Haha! No problem. I just had this image that someone is mad enough to impersonate me on the Internet ;) I've never bothered with self-promotion, so obviously there is someone out there doing it for me(!)

Keep up the good blogging! If you hadn't made that post I would never have found your blog on my traffic sources.


# re: Subversion integration into Visual Studio 1/30/2008 7:18 PM Nathan
That is the most annoying answer ever. Please don't presume to tell me what I do and don't need. Just because I don't do source control the way YOU do source control, doesn't make my method any more or less valid.

# re: Subversion integration into Visual Studio 1/30/2008 8:04 PM David
Ok, Nathan. :) Noted.

But I'm not sure you read my post to the end.

# re: Subversion integration into Visual Studio 3/9/2008 4:23 PM Mihai

Does this baby automatically add your files to version control? I believe this is the single most important feature. The alternative being to pull up TortoiseSVN and figure out which of the non-versioned files are to be added (and there will always be non-versioned files in the list that you'll never want added nor excluded).

# re: Subversion integration into Visual Studio 4/2/2008 4:27 PM Aidan
Hi mate,

Thanks for the infomation. Keep up the good work :)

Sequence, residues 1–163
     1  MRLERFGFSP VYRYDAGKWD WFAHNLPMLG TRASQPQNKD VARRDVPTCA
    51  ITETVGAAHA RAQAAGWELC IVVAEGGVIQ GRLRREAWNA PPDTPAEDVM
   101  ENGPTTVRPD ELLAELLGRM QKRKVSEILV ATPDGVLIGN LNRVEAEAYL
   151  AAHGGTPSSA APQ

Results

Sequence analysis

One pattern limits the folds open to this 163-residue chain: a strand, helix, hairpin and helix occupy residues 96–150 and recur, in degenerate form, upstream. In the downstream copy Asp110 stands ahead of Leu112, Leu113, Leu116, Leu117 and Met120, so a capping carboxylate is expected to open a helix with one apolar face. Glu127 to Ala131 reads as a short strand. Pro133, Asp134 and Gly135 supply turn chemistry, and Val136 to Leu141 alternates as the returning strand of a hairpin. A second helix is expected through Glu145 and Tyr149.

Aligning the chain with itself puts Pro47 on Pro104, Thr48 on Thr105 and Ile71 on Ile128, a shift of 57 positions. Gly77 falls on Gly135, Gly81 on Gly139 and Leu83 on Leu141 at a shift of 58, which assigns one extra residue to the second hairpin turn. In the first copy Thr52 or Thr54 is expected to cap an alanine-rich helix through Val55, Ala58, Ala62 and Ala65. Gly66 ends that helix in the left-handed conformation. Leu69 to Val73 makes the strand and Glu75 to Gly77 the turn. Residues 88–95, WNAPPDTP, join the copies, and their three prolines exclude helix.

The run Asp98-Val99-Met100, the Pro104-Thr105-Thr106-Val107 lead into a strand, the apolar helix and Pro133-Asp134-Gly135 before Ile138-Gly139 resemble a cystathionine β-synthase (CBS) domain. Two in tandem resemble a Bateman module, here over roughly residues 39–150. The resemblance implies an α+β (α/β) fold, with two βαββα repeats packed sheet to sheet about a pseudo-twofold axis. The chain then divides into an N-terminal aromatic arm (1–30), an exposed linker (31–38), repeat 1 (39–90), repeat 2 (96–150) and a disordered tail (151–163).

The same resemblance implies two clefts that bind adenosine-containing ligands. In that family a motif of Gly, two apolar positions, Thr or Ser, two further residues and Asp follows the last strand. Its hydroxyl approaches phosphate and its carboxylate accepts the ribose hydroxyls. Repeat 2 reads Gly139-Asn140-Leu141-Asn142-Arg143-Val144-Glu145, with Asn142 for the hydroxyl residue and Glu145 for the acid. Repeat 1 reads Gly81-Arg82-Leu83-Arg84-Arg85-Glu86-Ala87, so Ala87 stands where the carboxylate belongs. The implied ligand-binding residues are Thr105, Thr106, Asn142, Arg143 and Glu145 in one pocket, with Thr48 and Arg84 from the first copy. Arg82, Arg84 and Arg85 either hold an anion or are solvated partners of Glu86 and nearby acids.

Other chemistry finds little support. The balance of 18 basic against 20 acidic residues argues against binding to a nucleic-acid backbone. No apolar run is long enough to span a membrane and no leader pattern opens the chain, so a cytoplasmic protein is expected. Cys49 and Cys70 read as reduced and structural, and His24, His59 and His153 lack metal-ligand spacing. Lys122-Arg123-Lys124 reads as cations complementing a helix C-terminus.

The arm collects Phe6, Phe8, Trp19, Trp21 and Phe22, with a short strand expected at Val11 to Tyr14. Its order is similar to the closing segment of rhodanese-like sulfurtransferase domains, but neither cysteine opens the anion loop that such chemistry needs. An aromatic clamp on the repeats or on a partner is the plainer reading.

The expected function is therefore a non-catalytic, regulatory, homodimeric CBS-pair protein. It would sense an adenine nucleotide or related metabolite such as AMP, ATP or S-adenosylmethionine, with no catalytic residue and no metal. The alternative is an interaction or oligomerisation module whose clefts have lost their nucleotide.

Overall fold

# re: Subversion integration into Visual Studio 4/29/2008 10:13 PM Felipe V. Rigo
I need a fast connection on source control system throught the world. There are developers in South America and Japan.

I'm looking for a good and cheap solution.

We develop using Visual Studio 2005.

What do u recommend?

I would appreciate any help.
Thank You

# re: Subversion integration into Visual Studio 5/9/2008 9:29 PM David
@Felipe: Subversion, any day!

# re: Subversion integration into Visual Studio 5/26/2008 5:26 AM Lou
Another tools of the same kind:

TamTam SVN
very cheap, very slow, very buggy :)

quite usable, from the first impression

# re: Subversion integration into Visual Studio 7/10/2008 9:23 PM Shukaido
My only complaint is that an IDE, by definition, is an "Integrated Development Environment" NOT just for "editing files". It's about the entire project, bundles, packaging, source edit, design, etc. such is evidenced by the integration of the Class Diagrams that can be Generated through VS, as well as other integrated tools. Therefore, IMO, having source control integrated is a benefit to ANY team that utilizes it. If you don't, then it's not quite so important. I use an IDE that has native SVN integration out of the box, but for my new job they want me to use VS2008, suffice it to say, having my standard workflow alterred in this way is proving to be a bit more of a roadblock than I orrigionally thought.